How’s your patience these days?
Patience has never been my strong suit.
I want to solve ALL the stuff yesterday.
And yet, things take the time they take whether I like it or not.
At the start of October, we noticed the younger boys struggling in reading and writing. Having seen this before in our older son, I jumped on it. I called around to schedule learning difference testing. I started scanning all their work. I introduced the possibility to them that they may learn differently (not wrong but differently) to ease their frustration. I tried, once again, to learn more and help sooner than I did the last time we went through this.
But there is definitely no quick way to diagnosis and assess for learning differences. It took 4.5 months, which I acknowledge is actually pretty good for this kind of thing. Now all the testing is finally complete. But the journey is just beginning as new strategies and interventions are being tried and more new appointments are being made.
So though I now have concrete, data-driven answers… I have no one-shot-all-is-gonna-be-golden-now solution that will make the road ahead smooth.
Because learning differences and ADHD are not problems to solve. They are a part (but not all) of my children’s story. They will involve a lifetime of strategies and interventions and understanding and self compassion and grit and drive. But these traits also contribute in no small part to the incredible way they see the world and the incredible determination and fight they have to succeed.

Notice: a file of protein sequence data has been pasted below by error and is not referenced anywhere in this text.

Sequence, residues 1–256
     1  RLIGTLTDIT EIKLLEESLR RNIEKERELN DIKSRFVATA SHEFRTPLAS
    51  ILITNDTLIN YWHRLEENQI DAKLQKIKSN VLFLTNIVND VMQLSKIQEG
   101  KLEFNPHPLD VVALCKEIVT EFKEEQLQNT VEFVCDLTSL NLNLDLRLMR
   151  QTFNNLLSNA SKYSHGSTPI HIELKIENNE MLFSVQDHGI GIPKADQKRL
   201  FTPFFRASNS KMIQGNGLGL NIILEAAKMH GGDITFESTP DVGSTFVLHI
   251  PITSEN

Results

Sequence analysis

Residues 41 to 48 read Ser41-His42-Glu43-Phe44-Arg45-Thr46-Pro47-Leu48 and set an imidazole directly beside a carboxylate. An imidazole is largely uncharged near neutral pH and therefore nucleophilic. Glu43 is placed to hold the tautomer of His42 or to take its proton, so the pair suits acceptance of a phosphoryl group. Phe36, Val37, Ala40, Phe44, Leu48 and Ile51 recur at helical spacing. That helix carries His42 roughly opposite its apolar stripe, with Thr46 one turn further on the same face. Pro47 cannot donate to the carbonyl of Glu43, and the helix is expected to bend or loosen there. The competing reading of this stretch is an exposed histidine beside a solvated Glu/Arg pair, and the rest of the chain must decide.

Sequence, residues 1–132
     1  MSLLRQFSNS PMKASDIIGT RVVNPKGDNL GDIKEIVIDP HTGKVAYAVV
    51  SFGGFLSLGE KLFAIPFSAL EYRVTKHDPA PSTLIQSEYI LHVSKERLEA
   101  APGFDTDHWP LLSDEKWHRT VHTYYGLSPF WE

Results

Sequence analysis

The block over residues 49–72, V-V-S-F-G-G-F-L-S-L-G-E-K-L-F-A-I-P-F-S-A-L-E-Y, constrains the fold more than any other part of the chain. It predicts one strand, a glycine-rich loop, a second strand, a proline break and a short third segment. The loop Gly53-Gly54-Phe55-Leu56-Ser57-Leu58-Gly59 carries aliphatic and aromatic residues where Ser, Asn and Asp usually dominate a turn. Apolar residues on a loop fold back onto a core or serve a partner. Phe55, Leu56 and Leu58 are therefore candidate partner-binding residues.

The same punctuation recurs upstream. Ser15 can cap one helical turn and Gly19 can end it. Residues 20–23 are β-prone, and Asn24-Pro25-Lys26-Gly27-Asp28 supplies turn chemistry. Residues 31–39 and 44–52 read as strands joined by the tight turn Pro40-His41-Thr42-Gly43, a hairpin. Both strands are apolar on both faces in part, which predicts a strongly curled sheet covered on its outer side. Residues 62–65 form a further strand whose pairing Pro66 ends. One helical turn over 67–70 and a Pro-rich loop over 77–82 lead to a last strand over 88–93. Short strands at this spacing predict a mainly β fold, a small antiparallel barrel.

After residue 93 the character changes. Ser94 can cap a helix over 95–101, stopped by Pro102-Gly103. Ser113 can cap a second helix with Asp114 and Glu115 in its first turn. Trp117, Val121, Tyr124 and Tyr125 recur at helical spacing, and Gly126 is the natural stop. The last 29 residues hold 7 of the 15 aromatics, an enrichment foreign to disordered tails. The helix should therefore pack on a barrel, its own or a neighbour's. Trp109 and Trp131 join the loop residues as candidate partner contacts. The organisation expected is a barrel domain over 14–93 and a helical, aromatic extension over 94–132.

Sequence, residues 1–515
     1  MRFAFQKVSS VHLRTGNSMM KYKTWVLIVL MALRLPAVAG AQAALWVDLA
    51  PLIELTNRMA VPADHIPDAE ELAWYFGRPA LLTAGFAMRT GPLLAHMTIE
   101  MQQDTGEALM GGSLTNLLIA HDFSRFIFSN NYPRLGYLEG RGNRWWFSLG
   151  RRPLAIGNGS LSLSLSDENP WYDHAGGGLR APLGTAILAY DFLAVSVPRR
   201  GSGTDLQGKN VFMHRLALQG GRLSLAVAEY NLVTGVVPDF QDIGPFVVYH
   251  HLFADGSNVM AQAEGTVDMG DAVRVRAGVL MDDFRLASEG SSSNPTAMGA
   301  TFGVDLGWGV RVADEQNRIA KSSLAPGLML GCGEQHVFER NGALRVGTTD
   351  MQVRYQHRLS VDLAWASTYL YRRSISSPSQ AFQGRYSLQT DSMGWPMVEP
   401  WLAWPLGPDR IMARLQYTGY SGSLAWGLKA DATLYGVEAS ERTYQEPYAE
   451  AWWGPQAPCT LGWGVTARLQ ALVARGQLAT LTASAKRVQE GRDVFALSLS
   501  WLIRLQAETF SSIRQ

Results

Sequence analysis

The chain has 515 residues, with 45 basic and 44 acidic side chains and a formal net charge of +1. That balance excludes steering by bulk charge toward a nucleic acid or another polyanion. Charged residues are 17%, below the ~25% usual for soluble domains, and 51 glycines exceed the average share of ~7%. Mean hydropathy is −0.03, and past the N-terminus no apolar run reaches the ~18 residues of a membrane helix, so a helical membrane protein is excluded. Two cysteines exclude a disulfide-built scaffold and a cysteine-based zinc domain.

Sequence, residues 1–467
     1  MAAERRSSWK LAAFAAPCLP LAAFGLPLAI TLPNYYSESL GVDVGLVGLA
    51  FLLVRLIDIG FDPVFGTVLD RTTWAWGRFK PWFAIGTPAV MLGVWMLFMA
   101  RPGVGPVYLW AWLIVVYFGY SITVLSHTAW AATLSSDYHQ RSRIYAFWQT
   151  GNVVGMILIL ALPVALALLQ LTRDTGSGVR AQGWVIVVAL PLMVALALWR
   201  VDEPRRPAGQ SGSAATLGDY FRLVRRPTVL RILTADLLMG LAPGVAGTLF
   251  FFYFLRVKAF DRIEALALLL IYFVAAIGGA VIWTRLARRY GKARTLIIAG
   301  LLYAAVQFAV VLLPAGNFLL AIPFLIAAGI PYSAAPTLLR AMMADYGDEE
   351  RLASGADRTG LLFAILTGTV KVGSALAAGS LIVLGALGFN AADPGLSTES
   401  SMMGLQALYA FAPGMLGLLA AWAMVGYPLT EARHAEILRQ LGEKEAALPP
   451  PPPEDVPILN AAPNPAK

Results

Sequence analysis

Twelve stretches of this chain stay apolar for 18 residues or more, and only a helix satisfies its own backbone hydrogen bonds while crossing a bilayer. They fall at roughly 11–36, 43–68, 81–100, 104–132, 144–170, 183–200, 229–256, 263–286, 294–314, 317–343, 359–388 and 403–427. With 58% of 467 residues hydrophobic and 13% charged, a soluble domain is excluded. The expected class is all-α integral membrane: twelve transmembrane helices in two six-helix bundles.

And oh man the tools they already have gained to navigate life has them doing it better than I did at their age!
I think this journey with all my children has profoundly changed me. In many ways, it’s given me more questions than answers. It’s given me more to explore, more to learn, more ability to recognize that I, in fact, know very little absolutely.
Below is the fuller quote from poet Rainer Maria Rilke that continues to encourage me on the journey – which also happens to be my word for 2022.
“Be patient toward all that is unsolved in your heart and try to love the questions themselves, like locked rooms and like books that are now written in a very foreign tongue. Do not now seek the answers, which cannot be given you because you would not be able to live them. And the point is, to live everything. Live the questions now. Perhaps you will then gradually, without noticing it, live along some distant day into the answer.”
So how’s your patience these days?
Do you think your heart has room for a little more?